The American Cyclopædia (1879)/Jefferson, Thomas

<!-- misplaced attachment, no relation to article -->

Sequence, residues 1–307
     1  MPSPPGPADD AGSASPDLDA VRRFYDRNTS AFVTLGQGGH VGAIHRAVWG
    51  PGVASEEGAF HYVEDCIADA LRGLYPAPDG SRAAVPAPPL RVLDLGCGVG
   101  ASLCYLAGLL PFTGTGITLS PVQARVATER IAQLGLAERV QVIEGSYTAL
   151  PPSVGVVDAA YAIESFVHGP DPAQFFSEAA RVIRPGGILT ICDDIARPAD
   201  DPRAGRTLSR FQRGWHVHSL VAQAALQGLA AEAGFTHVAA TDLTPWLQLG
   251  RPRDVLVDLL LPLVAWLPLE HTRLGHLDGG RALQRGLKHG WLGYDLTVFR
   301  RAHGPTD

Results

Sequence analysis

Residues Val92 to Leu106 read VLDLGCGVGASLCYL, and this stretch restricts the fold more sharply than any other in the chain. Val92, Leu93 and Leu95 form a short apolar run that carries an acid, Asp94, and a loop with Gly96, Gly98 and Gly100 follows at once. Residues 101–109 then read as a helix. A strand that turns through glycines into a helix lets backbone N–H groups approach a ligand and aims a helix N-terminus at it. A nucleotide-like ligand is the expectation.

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JEFFERSON, Thomas, third president of the United States, born at Shadwell, Albemarle co., Va., April 2, 1743, died at Monticello, July 4, 1826. His father was Col. Peter Jefferson, a planter of great force of character and high position; his mother, Jane Randolph, daughter of Isham Randolph of Dungeoness in Goochland. At five years of age he was placed at an English school, and at nine commenced the study of Greek, Latin, and French under Mr. Douglass, a Scottish clergyman. Upon his father's death in 1757, he was sent to the classical school of the Rev. Mr. Maury, where he continued for two years, passing thence at the age of 17 to the college of William and Mary at Williamsburg. He soon became popular with his companions and the college professors, and is described at this time as ardent and impulsive in demeanor, with a tall, thin, and angular person, ruddy complexion, red hair, and bright gray eyes flecked with hazel. Among the friends whom he made was Francis Fauquier, the popular governor of the colony. After remaining in college two years, he studied law with George Wythe, and commenced practice in 1767 at the bar of the general court, attending also the county courts of his district. He is said to have been but slightly acquainted with the practice of the profession, and an infrequent speaker; yet during the first two years of his practice he was employed in about 200 suits, his fees amounting to at least £600, at a time when fees were very moderate. The record of the two succeeding years shows a regular increase, and in 1771 Robert Carter Nicholas, an eminent lawyer, intrusted to him all of his unfinished business. In 1769, at the age of 26, he was chosen to represent his county in the house of burgesses, where he at once took a prominent stand with the opponents of parliamentary encroachment, drafting the resolutions to be used as heads in framing a reply to Governor Botetourt's address, and signing the non-importation agreement. At this his first session he introduced a bill empowering the owners of slaves to manumit them if they thought proper; it was defeated, and its policy not fully embraced till 1782. Jefferson returned to his practice, and in the following year removed from Shadwell to a new residence but partially finished, which afterward became famous as “Monticello.” On Jan. 1, 1772, he was married to Martha Skelton, widow of Bathurst Skelton, and daughter of John Wayles, an influential lawyer of Charles City. This lady, then 23 years of age, and remarkable for the beauty of her person and the grace of her manners, brought him a very considerable fortune. She had inherited 135 slaves and 40,000 acres of land, the value of the whole being about equal to Jefferson's own patrimony. The two combined formed an ample estate, and Jefferson's practice added largely to his income. In the spring of 1773 he was appointed by the house of burgesses a member of the “committee of correspondence and inquiry for the dissemination of intelligence between the colonies,” the plan of which he had aided in devising. The house was dissolved by the governor; its members were reflected and resumed their seats in the spring of 1774; and it was again dissolved after adopting a resolution drafted by Jefferson and a few associates at a private meeting, recommending the observance of June 1 as “a day of fasting, humiliation, and prayer,” in consequence of the passage of the Boston port bill in parliament. The members met privately, and recommended the election of deputies from the counties to a convention to meet on Aug. 1. Jefferson was chosen a member of this convention, but was taken sick just before the assembling of the body, and could not attend. He had however drawn up a paper to serve for instructions to the delegates to the general congress which the committee of correspondence had been directed to propose to all the colonies, and this he sent to Peyton Randolph, the president of the convention. The document was afterward ordered by the burgesses to be printed under the title of “A Summary View of the Rights of British America,” and, as Jefferson believed, procured the enrolment of his name on a bill for treason brought into parliament. It was a bold, elaborate, and eloquent exposition of the right of the colonies to resist taxation, and contained the germ of the subsequent declaration of independence. The paper was offered, but not adopted, being regarded as too much in advance of public sentiment. The people were not yet ripe for resistance by force, and even the leaders still believed in the possibility of renewing the old amicable relations with Great Britain. Such a restoration of good feeling was warmly hoped for by the planters generally. A “redress of grievances” was all that the foremost leaders aimed at thus early, and the tone of the appeal for redress was the point at issue. The “Summary View” was printed in England as well as in Virginia, and extensively made use of by opposition speakers in parliament. Its influence upon the fortunes of Jefferson was marked; it placed him before the public as a courageous and uncompromising advocate of constitutional freedom, and above all as a most accomplished and eloquent writer. He attended the second convention, which met in March, 1775, and was placed upon the committee to report a plan of defence, which was soon drawn up. The convention then proceeded to elect delegates to congress, and Jefferson was chosen as the alternate of Peyton Randolph, who might be retained by his office of president of the house in Virginia. This was the case when Gov. Dunmore summoned the burgesses to meet on June 1. Jefferson was present, and at the request of his associates drew up before leaving Williamsburg the reply of the Virginia assembly to Lord North's “conciliatory proposition.” This bold and forcible paper he carried with him to Philadelphia soon afterward. Eight days before his arrival Washington had been appointed by congress commander-in-chief of the armies of the colonies. America was thus in open resistance against the crown. Jefferson's arrival was anxiously expected, as he was known to be the bearer of the reply of Virginia to Lord North's proposal; and when the reply was delivered to congress, it met with the warmest approbation. As the author of the paper, and of the “Summary View” in the preceding year, Jefferson took his position among the leaders of the body. He had “the reputation of a masterly pen,” says John Adams, and “writings of his were handed about, remarkable for the peculiar felicity of expression.” He was silent upon the floor, but in committee was so “prompt, frank, explicit, and decisive,” says the same authority, that he won the cordial regard as well as respect of his associates. He was at once placed upon the committee to draw up the declaration of the cause of taking up arms, and aided John Dickinson in drafting the paper, of which congress approved. The body then proceeded to act upon Lord North's proposition; and Jefferson, as author of the answer of Virginia, was requested by the committee, of which he was a member, to prepare that of congress. He did so, nearly in the words of the former paper. Congress adopted it, and then adjourned. In November the news arrived of the rejection of the last petition. On May 15, 1776, Virginia instructed her delegates to propose a declaration of the independence of the colonies; and congress now solemnly approached that great event. Early in June a committee to draw up the declaration was appointed, with Jefferson for its chairman. He was “unanimously pressed to undertake the draft” by his associates of the committee, and did so, Franklin and Adams only making two or three verbal alterations in it. It was laid before congress on June 28. On July 2, the resolution to declare the colonies independent, which had been introduced by Richard Henry Lee, in accordance with the Virginia instructions, passed the body, and the draft of the declaration was taken up. The debate upon the paper, as to its tone, its statements, and the propriety of adopting at that time a measure so extreme, lasted for nearly three days, and was very hot. It was so powerfully opposed by some of the members, that Jefferson compared the opposition to “the ceaseless action of gravity, weighing upon us by night and by day.” Its supporters, however, were the leading minds, and urged its adoption with masterly eloquence and ability. On July 4 the declaration with the amendments was agreed to; and thus commenced the republic of the United States of America. The paper has justly secured a renown more extended perhaps than that of any other state paper in existence. Two questions have however arisen as to its originality: the first upon the substance of the document; the second in regard to its phraseology, in connection with the alleged Mecklenburg declaration of May, 1775. It is more than probable that Jefferson made use of some of the ideas expressed in newspapers, conversation, and by public speakers at the time; and that his study of the great English writers upon constitutional freedom was of service to him. But an impartial criticism will not base upon the fact a charge of want of originality. It should rather be regarded as the peculiar merit of the writer that he thus collected and embodied the conclusions upon government of the leading thinkers of the age in Europe and America, rejecting what was false, and combining his material into a production of so much eloquence and dignity. The “Summary View” of 1774 will however be found to contain the complete germ of the “Declaration;” and as the originality of the former has not been impeached, the merit of the latter is in every fair sense due to Jefferson. The second charge, that he made use of the alleged Mecklenburg paper, has excited volumes of controversy. Jefferson distinctly denied that he had ever seen it at the time, and John Adams declared that he had not himself met with it. Jefferson was rechosen a delegate to congress, but resigned the appointment. “The laboring oar,” he wrote, was at home in Virginia. His aim now was to carry out radical changes in the laws of his native state. The new era could not commence there until fundamental reforms had taken place, and the practicability of such reforms had long engaged his attention. The first movement in the proposed direction had been the formation by the convention of a constitution for the commonwealth. Just before the composition of the declaration, Jefferson had drawn up a preamble and outline sketch of the proposed instrument, and sent it to Edmund Randolph, president of the convention then sitting. George Mason had however framed a constitution upon which the final vote was about to be taken. Jefferson's draft was not proposed, but his preamble was prefixed to the work of Mason. The great reforms in the organic laws were still unattained, and to these Jefferson ardently addressed himself. He was elected to represent his county, and declining the appointment by congress to become one of the commissioners to negotiate the now important treaties of commerce and alliance with France, he took his seat in the Virginia house in October, 1776. He commenced at once by obtaining leave to bring in bills for cutting off entails, and for a general revision of the laws of the commonwealth. A committee of revision was appointed, and Jefferson placed at the head of it, with Edmund Pendleton and other distinguished lawyers for colleagues. The work employed the committee for more than two years, and was arduous in the extreme. To Jefferson were allotted the common law and statutes to the 4th of James I.; and he applied himself with zeal to the revision. To the more important bills which he brought in, the opposition was resolute and bitter. The explanation of this fact may be found in a few sentences of his memoir: “I considered four of these bills as forming a system by which every fibre would be eradicated of ancient or future aristocracy. . . . The repeal of the laws of entail would prevent the accumulation and perpetuation of wealth in select families. . . . The abolition of primogeniture, and equal partition of inheritances, removed the feudal and unnatural distinctions which made one member of every family rich and all the rest poor. . . . The restoration of the rights of conscience relieved the people from taxation for the support of a religion not theirs, for the establishment was truly the religion of the rich.” The latter reference is to the bill “for establishing religious freedom.” On the adoption of this, and the proposition to cut off entails and abolish the right of primogeniture, took place the determined stand which has been mentioned. From the peculiar character of Virginia society at the period, no measures could have been more revolutionary. The dominant class was essentially aristocratic, and the law of primogeniture represented their deliberate views of social order; the establishment was dear to them as the church of their ancestors, and as the bulwark of Protestant Christianity against heresy and superstition. The contest was prolonged for years, and enlisted all the ability of the commonwealth. The advocates and opponents of the measures fought with the desperation of men who were contending for the dearest prizes of existence. The bills all finally passed, and the reorganization was complete. When Jefferson drew up the epitaph to be inscribed upon his tomb, he added to the words, “author of the Declaration of Independence,” those others, “and of the statute of Virginia for religious freedom.” In addition to these radical measures, Jefferson was the author of others of importance, for the establishment of courts of law, and a complete system of elementary and collegiate education. He continued to sit in the house in 1777 and 1778. In the former year he strongly opposed the alleged scheme for appointing Patrick Henry dictator. In the latter year he proposed and procured the passage of a bill forbidding the future importation of slaves. In the spring of 1770 he was busily employed in ameliorating the condition of the British prisoners at Charlottesville. On June 1 he was elected governor of Virginia. He entered upon office at a gloomy period in the history of the country. The last campaign had not been encouraging to the American arms, and the enemy were about to carry the war into the south. Jefferson found the commonwealth almost defenceless. Virginia had nearly 10,000 troops in the army of the United States, and the steady drain upon her other resources had so greatly enfeebled her that there was little prospect of her being able to resist an enemy. The southern campaign began in Georgia and the Carolinas, and the resources of the colonies were laid under a heavy tax for raising supplies. Virginia was so profuse in contributions of men, arms, horses, and provisions, that she was soon completely exhausted. Her extended coast and the banks of her great rivers were wholly unfortified. A few small vessels and gunboats, imperfectly manned and equipped, were all that she could oppose to the approach of an enemy's fleet. Gen. Leslie easily took possession of Hampton and Portsmouth, and Arnold ascended James river almost unresisted with fewer than 2,000 men. He entered Richmond, which had recently become the capital, on Jan. 5, 1781. The public functionaries, including the governor, retired before the enemy; but Jefferson remained until they entered the lower part of the town, and afterward busied himself in their immediate vicinity in attempts to protect the public stores. Arnold ravaged the place, burned some buildings, and then dropped down the river again. In April Gen. Phillips ascended the river and threatened Richmond; but receiving orders from Cornwallis, who had entered Virginia from the south, he joined the main army, then advancing in pursuit of Lafayette toward the Rapidan. Lafayette escaped, and Cornwallis determined to capture or disperse the legislature, which had adjourned to meet in Charlottesville. Tarleton was despatched upon this enterprise, and by a forced march he fell upon the body almost before they knew of his approach. They were dispersed, but without any captures; and Tarleton detached several of his troop to take the governor prisoner at Monticello, which was in sight of the town. Jefferson received intelligence of their approach, and hastily sent off his family. Having secured his more important papers, he followed on horseback, just in time to escape the party sent to take him. Tarleton rejoined Cornwallis, burning and ravaging on his way. Among other estates laid waste was Elk Hill, belonging to Jefferson, where a large amount of property was wantonly destroyed. The events attending this inroad of the enemy formed subsequently the basis of violent diatribes against Jefferson, who was declared to have received warning of the danger from Washington, but to have wantonly disregarded it, and neglected to put the state in a posture of defence. Additional charges were made, discrediting his personal courage, on the ground of his withdrawal from Richmond and Monticello. But that he had the continued approbation of Washington in exhausting Virginia for the benefit of the general cause is certain; that the commonwealth, thus drained of her resources, could have been defended, is at least doubtful; and the circumstances of his withdrawal from Richmond and Monticello do not support the accusation of a want of personal courage. An error of judgment is thus all which might be justly chargeable upon Jefferson. His term of office had expired two days before Tarleton entered Charlottesville, and in his memoir he says that he had determined to decline a reëlection, “from a belief that under the pressure of the invasion, under which we were then laboring, the public would have more confidence in a military chief.” At the next session of the house a young member demanded an inquiry into his conduct; but it was never made, though Jefferson, who had gone to the assembly to meet it, rose in his place and also demanded it. On the contrary, the house resolved “that the sincere thanks of the general assembly be given to our former governor, Thomas Jefferson, for his impartial, upright, and attentive administration while in office.” But the charges against his administration wounded him deeply, and he did not appear in the spring session of 1782. — From his retirement at Monticello, which had been recently rendered doubly gloomy by the death of his wife, he was summoned by congress to act as one of the plenipotentiaries to England, to negotiate the terms of the treaty of peace. The business was so far advanced before he was ready to sail that congress recalled the appointment; but taking his seat in that body in the winter session of 1783, he reported, as chairman of the committee to which it had been referred, the definitive treaty of peace with England. At the succeeding session Jefferson proposed and secured the adoption of the present system of United States coinage, doing away with the old £. s. d., and substituting the dollar and its subdivisions, down to the hundredth part, to which, in order to describe its value, he gave the present name of cent. At the same session he drafted the report of the committee appointed to “prepare a plan for the temporary government of the western territory.” Virginia held this great extent of country under charter from James I. In 1780 she ceded to the confederation the whole territory N. W. of the Ohio, but the cession was not then formally consummated. Jefferson's plan of a government for this territory was adopted with a few amendments; these consisted of an omission of the names suggested for the districts, and of the clause providing “that after the year 1800 of the Christian era there shall be neither slavery nor involuntary servitude in any of the said states, otherwise than in punishment of crimes, whereof the party shall be duly convicted to have been personally guilty.” The cession was finally consummated in 1788. — In May, 1784, Jefferson was appointed minister plenipotentiary to Europe, to assist John Adams and Benjamin Franklin in negotiating treaties of commerce. He sailed in July with his eldest daughter, and was joined by his associates in Paris. They succeeded in negotiating treaties with Prussia and Morocco, the ships of which latter government had made depredations on American commerce. By the treaties, blockades were abolished, the flag covered the cargo, and contrabands were exempted from confiscation. With England all negotiations failed. At this time Jefferson printed and distributed among his friends a small edition of his “Notes on Virginia.” The substance of this work had been prepared in 1782, at the request of M. de Marbois, French secretary of legation, in hours of confinement produced by a fall from horseback. An incorrect copy had been printed, and the author now published it in an accurate form. In the same year he furnished, at the request of the Virginia directors, a plan for the capitol at Richmond, on the model of the maison carrée at Nîmes, and another for a penitentiary, similar to a building which he had examined in England. Both plans were adopted with some alterations. In 1785 congress appointed Jefferson minister plenipotentiary to France, in place of Franklin, who had resigned. He combated the intrigues of Vergennes and Calonne, the French ministers, in opposition to the desired treaties of commerce, with energy and effect. Among other objects which he attained were the abolition of a number of monopolies, and the admission into France of tobacco, rice, whale oil, salted fish, and flour. In the midst of these duties he found time to make excursions into Germany, Italy, and the French provinces. In Paris he became intimately acquainted with Condorcet, D'Alembert, Destutt de Tracy, and other liberal thinkers. This seems to have been one of the happiest periods of his life; and his sympathies toward France remained ever afterward unshaken. He left the country before the excesses of the revolution, and always regarded it with a strong feeling of preference, especially in comparison with England. His diplomatic functions were performed with marked ability. The adoption of the American constitution did not meet his full approval. He did not know, he wrote, whether the good or the bad predominated in the instrument, and some portions “staggered” him. He afterward formed a more favorable opinion of it. — In 1789 he obtained leave of absence for a time, and returned to America. Soon after his arrival he was offered the post of secretary of state in Washington's cabinet, and, in spite of his desire to return to France, accepted it, thus terminating his ministerial career. With the entrance of Jefferson into the cabinet in March, 1790, commenced the struggle between the federalists and republicans, under the banners of their two most distinguished leaders. Alexander Hamilton, secretary of the treasury, stood at the head of the former. Jefferson was a democrat by nature and training; strongly opposed to England and the English system, against which he had struggled from the moment of his entrance into public affairs; and an unyielding advocate of state sovereignty and decentralization. His visit to Europe had strengthened these convictions of the danger of strong governments, and the uprising of the French people had secured his cordial sympathy. In the cabinet of Washington he now represented the principles of the republican party, who opposed a strong government as tending to monarchy, advocated state sovereignty as the only true republicanism, and espoused the cause of France in opposition to England. In all the great measures Hamilton defeated his rival. The entire system of finance, including the establishment of a bank of the United States, proposed by the secretary of the treasury, was adopted in spite of the protest of Jefferson, and of Randolph the attorney general. In February, 1791, Jefferson wrote an able report upon the cod and whale fisheries, recommending congress to protect those valuable branches of trade. Later in the same year he conducted an important correspondence with Mr. Hammond, the British minister, in relation to alleged violations of the treaty of peace with England. Jefferson complained of non-compliance with that article of the treaty which contained stipulations against carrying away negroes or destroying property, and provided for the evacuation by Great Britain of all posts within the limits of the United States. Mr. Hammond replied, and Jefferson rejoined, when the correspondence closed; and the questions were not reopened for discussion until the more important differences occurred which were terminated by the treaty of 1794. In the spring of 1792 Jefferson drew up an elaborate report upon the relations of the United States with Spain. These involved the determination of boundaries, the exclusion of American citizens from the navigation of the Mississippi below our limits, interference with the Indian tribes, the restitution of fugitives from justice and of property carried off, and the terms of a commercial treaty. The negotiations were indefinitely protracted, and it was not until many years afterward that they were even partially successful. In the spring of 1793 arose the paramount question of the neutral policy and rights of the United States, in view of the declaration of war just made by France against Holland and Great Britain. Upon this question was put forth the entire strength of the two great leaders of the federal and republican parties in the cabinet. The republican party was enthusiastic in its sympathy for France in the struggle with her great enemies, and a disposition was immediately shown to fit out privateers in American ports to cruise against English vessels. This was energetically opposed by the federal leaders, who were anxious that no cause of hostilities should be given to England, and held that the true policy of America was to preserve peace and friendship with all nations, but form entangling alliances with none. The president, who had just entered upon his second term, issued his proclamation warning the citizens of the United States against carrying to the hostile powers any articles deemed contraband of war, or performing other acts inconsistent with the duties of a friendly nation. This was advised by Jefferson, as by his colleagues. He however advocated the propriety of receiving a minister from the French republic, which was determined upon. This was followed by the appearance of Genest as minister, to succeed the former royal functionary, who had been recalled. Genest authorized the fitting out and arming of privateers, and empowered the French consuls throughout the United States to erect courts of admiralty to try and condemn prizes brought into American ports. The president ordered that his privateers should leave the ports immediately, notwithstanding which he armed a prize and ordered her to sail as a privateer. A violent debate took place in the cabinet in Washington's absence. Hamilton, supported by Knox, advocated the erection of a battery to prevent the vessel from sailing, and denounced Genest as an agent sent to embroil America with England. Jefferson opposed the scheme of a battery on the ground that the vessel would not sail, and that the matter was too trifling to cause hostilities with France. Washington arrived and addressed a heated note to Jefferson; but explanations were made. In spite of all, the vessel sailed. Genest then grew so insolent that the question arose whether he should not be ordered out of the country. It was determined, however, to request his recall. Jefferson says that he was in favor of “expressing that desire with great delicacy,” but that “the others were for peremptory terms.” Genest was finally recalled, and this affair terminated. It had aroused to the utmost extent all the bitterness in the hearts of the two great rivals, and the meetings of the cabinet were stormy. The last act of Jefferson as secretary of state was an elaborate report on commercial intercourse with foreign nations, with the measures necessary for regulating and improving it. In this paper he first enumerates the articles of export, with their value, and then states the various restrictions imposed upon them, calling attention to the best method of modifying or removing them. This report gave rise to long and animated discussions, and the measures secured the favor of a great majority of the national legislature; but a vote was not immediately taken, and the subject was lost sight of. — On Dec. 31, 1793, Jefferson resigned his place in the cabinet, and, returning to his home at Monticello, devoted himself to his private affairs, which had become somewhat embarrassed. In September, 1796, Washington announced that he would not again be a candidate for the presidency, and thereupon the two great parties fixed upon John Adams and Thomas Jefferson as their nominees. In February, 1797, the votes were opened and counted in presence of both houses; and the highest number appearing in favor of Adams, with the next in favor of Jefferson, the former was declared, in accordance with the existing law, president of the United States, and the latter vice president. On March 4, 1797, Jefferson took the chair as president of the senate, and delivered a short address, in which he expressed his attachment to the laws, and his anxious wish to properly fulfil his duties. The greater part of the next four years was spent at Monticello, but Jefferson was a close observer of public events, and largely participated in affairs, through his wide correspondence. The reaction of public feeling, resulting from the excesses of the reign of terror, had almost overwhelmed the American sympathizers with France. The aggressions of the French directory, and the insulting reception of our envoys, paralyzed the enemies of the federalists. The “war message” of Adams in the spring of 1797 threw the country into unheard-of agitation. The general indignation against France swept all opposition before it. Congress declared all treaties annulled; merchant vessels were authorized to resist search; large sums were voted for defence; and these measures were soon followed by others still more energetic. The alien and sedition laws were passed; the former empowered the president to order out of the country such aliens as he considered dangerous, on pain of heavy penalties; the latter declared that printing or uttering false and malicious charges against the president or congress should be deemed seditious, and punished by fine and imprisonment. These measures were vainly opposed by the republican party. The whole nation was urgent for war, and Washington offered to take his place at the head of the army. Nothing was left for the republicans but to make an issue on the constitutionality of the alien and sedition laws, and even this was impossible in congress. “Finding themselves of no use there,” they determined to resort to the state arenas; and the result was the Kentucky and Virginia “resolutions of '98.” The former state was closely connected with Virginia, and Jefferson drafted the Kentucky resolutions, denouncing the obnoxious laws, and intimating a determination on the part of the states to proceed to armed resistance. They were followed in Virginia by similar resolves, drawn up by James Madison, opposing the consolidation measures of the federal party, and calling on the states to maintain their liberties inviolate. The spring of 1799 brought a revulsion in favor of the republicans. Adams sent envoys to France; Washington retired again to Mount Vernon; and the war spirit rapidly subsided. Washington died before the close of the year, and the brief pause in political strife which succeeded the intelligence of his death was followed by more violent commotions than before. The elections in New York in the spring of 1800 were bitterly contested, but terminated in a republican triumph, which extended throughout the Union. The result was largely attributed to the intrigues of Aaron Burr, who became the republican candidate for vice president, with Jefferson for president. The federalists supported Adams and Pinckney. When the votes were opened, it was found that Jefferson and Burr were elected, but by an equal number of voices. The dilemma was serious, as the constitution did not require the specification of the office to which each was elected, and the decision devolved upon the house of representatives. Many weeks of violent struggles on the part of the supporters of the two candidates took place; but on the 36th ballot Jefferson was elected president and Burr became vice president. Jefferson took his seat March 4, 1801, at Washington, to which the capital had been removed some months before, and delivered an inaugural address which lucidly and eloquently summed up the principles of republican government. He had come in upon a swelling tide of popularity, and he carefully avoided all acts which would tend to diminish it. Few removals were made, and these chiefly of those who were appointed by Adams in the last hours of his administration. A general amnesty was granted to the federalists, and they seemed to gradually become merged in the masses, which every day grew more “republican.” The old régime appeared to have suddenly passed away. A change in dress and manners followed the political success of the republicans. The reaction against the stately dignity and ceremony of Washington's era was headed by the new president, who would have no formal address from congress, and sent in his message by a common messenger. Everywhere the new philosophy of life was received with acclamations which swelled still higher the flood of Jefferson's popularity. In 1800 Louisiana had been ceded by Spain to France, and in 1802 the president opened a private correspondence with the French government, which resulted in the succeeding year in the purchase of the entire territory for the sum of $15,000,000. The question of the constitutionality of that measure was evaded, and so great was the advantage which it secured that all opposition soon disappeared. In 1804 Captains Lewis and Clarke, under the auspices of Jefferson, set out to explore the continent to the Pacific, with instructions drawn up by the president's own hand. The expedition returned two years afterward with a mass of valuable information, which exhibited the skill of their instructions. In 1803 Commodore Preble vindicated American rights in the Mediterranean against the emperor of Morocco; Decatur in a small schooner entered the harbor of Tripoli, and burned the frigate Philadelphia, under the guns of the enemy, returning without the loss of a man, and the Tripolitans were compelled to sue for peace. The acquisition of Louisiana, the naval victories, and the general prosperity throughout the nation, greatly increased the popularity of the administration; and Jefferson was reëlected, with George Clinton of New York for vice president, for the term commencing March 4, 1805, by a majority of 148 out of 176 electoral votes. In 1806 Jefferson was called upon to arrest Aaron Burr for treasonable operations in the southwest. (See Burr.) The former position of the accused, and his prominence before the country, rendered the trial one of deep interest. It soon took a political complexion, and the opponents of the administration bitterly inveighed against the anxiety displayed by the president to procure a conviction. At the same time the country was powerfully excited by the loss of its profitable foreign trade as a neutral, through the British orders in council and Napoleon's Berlin decree, blockading European ports; and still more by the “right of search” asserted by Great Britain, under color of which American vessels were boarded, and their sailors impressed as subjects of the king. This wrong had been persistently opposed, but the claim was never relinquished. When, in June, 1807, the American frigate Chesapeake was fired upon by the British ship Leopard, and four of her crew were seized as deserters, the country was in a flame, and the president issued his proclamation, interdicting the entrance of British armed vessels into the ports or waters of the United States. In consequence of the continued hostile policy of France and England, congress in December passed an act laying an embargo upon American vessels, which were forbidden to leave any port of the United States. This law was violently opposed by the federal party, but it was declared by the friends of the president to be intended as only temporary; and in February, 1809, congress repealed it from and after the 4th of the ensuing March, substituting an act of non-intercourse with France and England. — At this point in the history of the country Jefferson retired from office, and terminated his political career. He remained in retirement ever afterward, employing his time in the performance of his various duties as the head of a large plantation. In 1817 he took an active part in the measures then set on foot to establish the “central college” near Charlottesville, now the university of Virginia. In 1819 he superintended the erection of the building, and in the same year was chosen rector. The leading part which he took in founding this great institution was a subject of peculiar pride with him, and he directed “Father of the university of Virginia” to be inscribed upon his tombstone. In the spring of 1826, his fortunes having become greatly embarrassed by the generous scale of his expenditures and the profuse hospitality at Monticello, he was empowered by the legislature to dispose of his estates by lottery, with a view to the discharge of his liabilities. But the project was suspended, and then abandoned. His health had long been failing, and in June he rapidly declined. As midnight approached on July 3, he was evidently dying, but retained his memory, and muttered, “This is the fourth of July.” He lived until past noon on the succeeding day, July 4, 1826, when he expired, a few hours before John Adams. On the same day and nearly at the same hour, just half a century before, these two great men had attached their signatures to the Declaration of Independence; and the coincidence of their death made a deep impression on the country. — Jefferson was an original thinker in every department of human concern, and essentially a reformer. He had no respect for claims of right founded only upon prescription, and attached no decisive weight to authority. In the old house of burgesses he opposed parliament upon abstract grounds which were clearly defined, and which became the bases of the subsequent struggle, inaugurated by the formal exposition of the same principles in the Declaration of Independence. In the general assembly of the state he attacked the time-honored system of aristocratic and religious intolerance, as in conflict with natural right, and for that reason wrongful, however fully acquiesced in and respected by preceding generations. He carried the rule of subjecting everything to the test of abstract reason into matters of religion, venerating the moral character of Christ, but refusing belief in his divine mission. In politics he was an opponent of strong government, and maintained that the world was governed too much. He was in favor of the free development and exercise of human power, so far as was consistent with the good order of society, and a jealous advocate of individualism. His aim in Virginia was to overthrow the old domination of the ruling classes, and raise the people. He carried the same principles to the study of the federal compact. Once convinced that the state rights doctrine of restriction was the true theory of the government, he fought for it with persistent energy. Thus commenced, on the threshold of his entrance into the cabinet, the long struggle against Hamilton, the federal champion. The first measure of that great leader, the funding law, had passed; and it was followed by the assumption of state debts, and by the United States bank, in spite of Jefferson's protest against the constitutionality of the measure. He did not waver, however, and the republican party, long suffering a series of defeats, never found its leader wanting, and finally in 1801 bore Jefferson triumphantly into the presidency. His devotion to state rights was so ardent that it led him to regard Shays's insurrection as a mere trifle, which the government made itself ridiculous by opposing. He could never get rid of the idea that Hamilton wished to create a monarchy in America. Such was Jefferson as a statesman and leader of a party under the old régime, which was ruled by his enemies. Under the new order of things, with his own party in power, the case was altered. The force of his opinions of the rights of individuals suffered a marked diminution when Aaron Burr openly bearded his authority. He threw the weight of his great office against Burr, and advised that one of his counsel, Luther Martin, should be indicted as an accomplice, in order to “put down this impudent and unprincipled federal bulldog.” In the same manner, his state rights doctrines became modified. The executive authority had to be stretched to cover the purchase of Louisiana; and he became convinced on other occasions that the federal government, to use his own expression, must “show its teeth.” In social life he faithfully carried out his democratic principles. He discarded every advantage which his birthright gave him, and mingled familiarly with the common people, as their equal. He was naturally a democrat, and held as a radical doctrine of his philosophy the principle that one man is no better than another. He was easily approached, and the natural amiability of his character rendered his society delightful to all classes. His dislike of all the trappings of authority was excessive. Not content with eradicating all traces of past authority and influence, he inaugurated a crusade against the old forms and ceremonies which had accompanied it. Washington had held levees, and awaited the two houses, standing in full dress to receive them. Jefferson abolished the practice, and sent his first message by an unofficial hand to avoid the address which was customary. A committee had been usually appointed to inform the president of his election; but Jefferson declared it was more in consonance with the simplicity of republican institutions to communicate the intelligence through the common post office. To all titles of honor he was strongly opposed. “Excellency,” “Honorable,” and even “Mr.,” were distasteful to him. He could wish, he declared, that the last, too, might disappear. It was always “Thomas Jefferson,” or “T. J.,” not “Mr. Jefferson,” who presented his respects to “the president,” not “your excellency.” These apparent trifles were in reality strong indications of the character of the man, and contributed powerfully to his popularity with the people. He was regarded as the epitome and incarnation of democracy, as opposed to the old world of aristocracy. These social traits were supported by consummate partisan ability. He never made a formal public speech, but his adroitness in politics was unsurpassed, and his management of persons and events for the accomplishment of the ends which he aimed at was masterly. The objects which he had in view were in a large measure attained by his elaborate correspondence. Monticello became the centre of a vast system of political nerves, extending their ramifications throughout the nation. In his retirement Jefferson was thus as powerful as in office. His hand was often felt as decisively, and his opinions, instilled into active minds holding high positions, became not seldom the ruling influence in public affairs. Slavery he regarded as a moral and political evil; but in opposing it he did not advocate a change in the agricultural character of the south. He wrote that the people would “remain virtuous as long as agriculture is our principal object, which will be the case while there remain vacant lands in America. When we get piled upon one another in large cities, as in Europe, we shall become corrupt as in Europe.” At home he was a tender husband and father, a mild master, a warm friend, and a delightful host. His knowledge of life, extensive travels, and long familiarity with great events and distinguished men, rendered his conversation highly attractive to mere social visitors. His scientific acquisitions, and the deep interest which he took in all branches of natural history, made his society equally agreeable to men of learning. Many such visited him, and were impressed as deeply by his general knowledge as they were charmed by the courtesy of his demeanor. De Chastellux, De Liancourt, and other noblemen and foreigners of distinction, came away from Monticello with an enthusiastic opinion of their host, and informed all Europe that the country gentleman of Virginia was the most accomplished man of his epoch. In entertaining this diverse society, in reading, writing, riding, and attending to his farms, passed the intervals of his absence from public affairs, and the long period of retirement which extended from the termination of his presidency to his death. Of his “Notes on Virginia” many editions have been published; that issued at Richmond in 1853 was revised from his own annotated copy. His “Manual of Parliamentary Practice” is used by congress and other legislative bodies in America. A portion of his manuscripts were purchased by congress in 1848, edited by H. A. Washington, and published under the title, “The Writings of Thomas Jefferson; being his Autobiography, Correspondence, Reports, Messages, Addresses, and other Writings, Official and Private,” &c. (9 vols. 8vo, Washington, 1853-'5). Among the biographical works relating to Jefferson, the most important are: “Memoirs, Correspondence, and Private Papers,” edited by his grandson, Thomas Jefferson Randolph (4 vols., New York, 1829); “Life, and part of his unpublished Correspondence,” by George Tucker (2 vols., Philadelphia, 1837); “Life,” by Henry S. Randall (3 vols., New York, 1858); “Domestic Life,” compiled from family sources, by his granddaughter Sarah N. Randolph (New York, 1871); and “Life,” by James Parton (Boston, 1874).